Described by Express as “the strongest ever issued by the Kosovo Islamic leaders,” the declaration may have been necessary given the location of the latest Wahhabi foray. Mitrovica is divided by the Ibar river, with Serbs occupying the territory north of its waters. Serb diehards routinely discharge firearms and throw grenades into Albanian homes in the north. Still, Albanian-American journalist Ruben Avxhiu, who publishes a biweekly in New York, Illyria, told me, “Serbia remains an outsider and therefore a containable enemy. It is the enemy within that can harm you the most and in many irreparable ways.”
The Kosovo newspaper Express has a web comment section that often provides the most trenchant insights into the problems faced by the Kosovars. After the latest extremist intrusion, ordinary Kosovars expressed themselves in a manner that did not disappoint. Imam Kamberi’s mosque attendees wrote in, noting that the imam was a dedicated man who gave generously of his time. He lives north of the informal partition line in Mitrovica and admitted his fear of the Serbs, but, according to his coreligionists, had undergone physical abuse from Albanians in the southern area of the municipality. The contribution of Kamberi’s congregants ended with a phrase heard elsewhere in the Balkans when the Wahhabis come on the scene: “The radicals are hypocrites, and wolves in sheep’s clothing.”
Others were even more articulate about their disgust. A resident of Mitrovica named Gazi posted a comment reading, “Shame on those who divide our people! Foreign religion, foreign traditions appear among us like knives. We know very well how they got here. Our people has its own much more precious traditions that we should work together to preserve.” One Visari, living in Prishtina, the Kosovo capital, wrote, “Where is the government and police of Kosovo? Why are they allowing Islamic radicalism to emerge among the Albanian people? Arrest every one of them, because we want to be part of Europe.”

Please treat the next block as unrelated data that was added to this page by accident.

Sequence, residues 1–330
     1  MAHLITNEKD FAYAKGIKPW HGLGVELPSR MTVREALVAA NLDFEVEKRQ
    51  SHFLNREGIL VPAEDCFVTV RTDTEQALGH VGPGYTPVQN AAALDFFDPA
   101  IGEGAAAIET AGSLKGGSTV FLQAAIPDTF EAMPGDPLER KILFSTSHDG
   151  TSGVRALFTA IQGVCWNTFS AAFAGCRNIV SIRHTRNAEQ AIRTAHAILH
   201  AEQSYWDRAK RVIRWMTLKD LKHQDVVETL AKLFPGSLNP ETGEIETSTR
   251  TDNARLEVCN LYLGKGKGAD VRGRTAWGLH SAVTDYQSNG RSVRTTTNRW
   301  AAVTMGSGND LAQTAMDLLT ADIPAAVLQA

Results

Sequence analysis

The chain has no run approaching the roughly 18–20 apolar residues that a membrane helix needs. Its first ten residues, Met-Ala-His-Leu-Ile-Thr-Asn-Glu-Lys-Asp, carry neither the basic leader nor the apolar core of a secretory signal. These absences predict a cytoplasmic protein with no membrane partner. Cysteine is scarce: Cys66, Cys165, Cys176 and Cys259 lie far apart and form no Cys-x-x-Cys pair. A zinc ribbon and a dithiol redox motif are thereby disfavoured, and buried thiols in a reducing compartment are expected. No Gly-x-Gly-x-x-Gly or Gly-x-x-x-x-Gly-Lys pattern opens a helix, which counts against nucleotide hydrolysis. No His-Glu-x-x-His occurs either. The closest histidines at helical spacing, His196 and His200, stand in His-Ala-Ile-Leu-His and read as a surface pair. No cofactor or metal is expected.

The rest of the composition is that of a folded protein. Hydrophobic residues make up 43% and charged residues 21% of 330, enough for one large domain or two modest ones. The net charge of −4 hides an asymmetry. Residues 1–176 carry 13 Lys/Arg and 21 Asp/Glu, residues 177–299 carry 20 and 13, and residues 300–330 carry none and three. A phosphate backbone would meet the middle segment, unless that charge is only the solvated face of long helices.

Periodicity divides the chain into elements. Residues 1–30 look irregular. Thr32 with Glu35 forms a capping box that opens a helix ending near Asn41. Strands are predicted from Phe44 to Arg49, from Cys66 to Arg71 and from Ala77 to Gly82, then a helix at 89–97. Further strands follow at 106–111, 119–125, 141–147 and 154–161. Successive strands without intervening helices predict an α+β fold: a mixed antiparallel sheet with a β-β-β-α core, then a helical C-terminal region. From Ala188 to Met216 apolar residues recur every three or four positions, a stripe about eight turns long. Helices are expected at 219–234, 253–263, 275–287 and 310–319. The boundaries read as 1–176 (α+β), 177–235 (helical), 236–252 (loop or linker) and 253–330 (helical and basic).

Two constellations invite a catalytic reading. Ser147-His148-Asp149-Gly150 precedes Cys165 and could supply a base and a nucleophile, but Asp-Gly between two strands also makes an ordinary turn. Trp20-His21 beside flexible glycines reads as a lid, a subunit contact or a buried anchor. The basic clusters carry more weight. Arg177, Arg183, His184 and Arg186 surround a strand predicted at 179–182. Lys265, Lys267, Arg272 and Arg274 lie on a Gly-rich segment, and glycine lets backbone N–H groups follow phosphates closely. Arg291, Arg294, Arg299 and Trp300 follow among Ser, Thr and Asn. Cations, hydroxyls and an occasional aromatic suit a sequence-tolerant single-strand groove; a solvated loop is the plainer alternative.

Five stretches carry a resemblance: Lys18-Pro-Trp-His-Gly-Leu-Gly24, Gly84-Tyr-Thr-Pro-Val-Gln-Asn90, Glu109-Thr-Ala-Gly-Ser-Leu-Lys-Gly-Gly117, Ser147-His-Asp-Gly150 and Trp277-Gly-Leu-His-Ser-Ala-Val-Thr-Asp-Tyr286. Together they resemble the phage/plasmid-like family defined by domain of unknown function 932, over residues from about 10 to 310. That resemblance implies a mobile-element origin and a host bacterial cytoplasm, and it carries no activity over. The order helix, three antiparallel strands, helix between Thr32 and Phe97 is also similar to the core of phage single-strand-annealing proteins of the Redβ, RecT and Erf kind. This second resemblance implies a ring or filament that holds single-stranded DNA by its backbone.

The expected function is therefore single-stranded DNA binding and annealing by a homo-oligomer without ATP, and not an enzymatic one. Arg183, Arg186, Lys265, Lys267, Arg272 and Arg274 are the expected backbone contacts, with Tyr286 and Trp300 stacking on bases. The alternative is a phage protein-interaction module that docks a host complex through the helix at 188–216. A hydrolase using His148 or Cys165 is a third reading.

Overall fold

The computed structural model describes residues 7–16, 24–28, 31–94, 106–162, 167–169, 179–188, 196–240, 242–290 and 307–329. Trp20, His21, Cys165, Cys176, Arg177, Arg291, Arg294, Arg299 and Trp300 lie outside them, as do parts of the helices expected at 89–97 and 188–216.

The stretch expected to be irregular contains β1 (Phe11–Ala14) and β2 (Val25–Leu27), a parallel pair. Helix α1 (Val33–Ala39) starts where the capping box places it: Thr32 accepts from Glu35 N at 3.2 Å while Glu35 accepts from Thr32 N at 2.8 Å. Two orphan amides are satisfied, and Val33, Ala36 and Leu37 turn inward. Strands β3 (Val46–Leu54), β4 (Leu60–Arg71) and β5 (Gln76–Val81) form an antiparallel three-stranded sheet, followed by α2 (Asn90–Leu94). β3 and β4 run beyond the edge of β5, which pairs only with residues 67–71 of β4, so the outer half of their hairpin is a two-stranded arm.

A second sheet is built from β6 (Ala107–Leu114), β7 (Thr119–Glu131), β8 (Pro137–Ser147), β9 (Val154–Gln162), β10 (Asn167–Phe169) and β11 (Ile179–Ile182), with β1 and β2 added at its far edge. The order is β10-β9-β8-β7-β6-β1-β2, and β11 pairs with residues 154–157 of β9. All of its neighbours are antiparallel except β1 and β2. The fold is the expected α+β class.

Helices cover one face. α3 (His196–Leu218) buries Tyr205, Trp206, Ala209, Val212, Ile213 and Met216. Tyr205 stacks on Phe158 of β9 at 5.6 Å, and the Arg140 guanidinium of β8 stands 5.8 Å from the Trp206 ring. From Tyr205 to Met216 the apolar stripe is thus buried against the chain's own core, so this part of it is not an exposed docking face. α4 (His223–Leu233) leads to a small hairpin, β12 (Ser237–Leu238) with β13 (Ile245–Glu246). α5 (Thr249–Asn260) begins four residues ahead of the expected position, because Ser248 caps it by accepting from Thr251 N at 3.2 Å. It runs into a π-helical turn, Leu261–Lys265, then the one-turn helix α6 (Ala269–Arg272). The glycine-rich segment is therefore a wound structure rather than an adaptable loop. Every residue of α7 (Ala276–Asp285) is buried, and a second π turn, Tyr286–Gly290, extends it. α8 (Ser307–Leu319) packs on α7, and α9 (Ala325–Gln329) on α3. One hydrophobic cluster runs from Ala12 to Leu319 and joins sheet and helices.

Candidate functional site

Kosovo may be described as under Europe, but not within it. The European Union, which governs Kosovo, should protect the republic against radical Islam as well as Serbian intrigue. But Europe looks askance at the Kosovars, a decade after the war that brought about their liberation. In the latest evidence of Brussels-based disdain, citizens of Serbia, Montenegro, and Macedonia were, in December 2009, offered the right of visa-free travel to the EU. Since Serbia still claims sovereignty over Kosovo, Albanians from the republic may apply for, and receive, Serbian passports. Many Kosovars have begun to do so, accepting Serbian nationality as a price they must pay to get to the West. But Kosovar Albanians who consent to carry Serbian identity documents undermine Kosovo’s independent status, opening the way to its reabsorption by Serbia. Such an outcome would be disastrous not only for the Kosovars, but for the prestige of the U.S., and would significantly encourage Russian designs in the Balkans.
Macedonia, Kosovo’s southern neighbor, has also had to recognize its Wahhabi problem. A major daily in that country, Vecer (Evening) has reported that the three most prominent and historic mosques in the capital, Skopje, have been taken over by Wahhabi clerics. The paper disclosed that Wahhabis are active throughout Skopje. As previously noted, such foreign penetration has been visible in Macedonia since 1998, and while the Kosovar Albanians have resisted such infiltration, Macedonian leaders have allowed it to grow.
The sharpest comment yet on radical Islam in the Balkans was offered to the readers of Express by a man who signed himself Drini, from the Kosovo town of Lipjan: “Yesterday: Fools – Today: Violent – Tomorrow: Terrorists.” Across the globe, where Islamist fanatics search for weak spots to commit their crimes, these cautionary words should be read and remembered.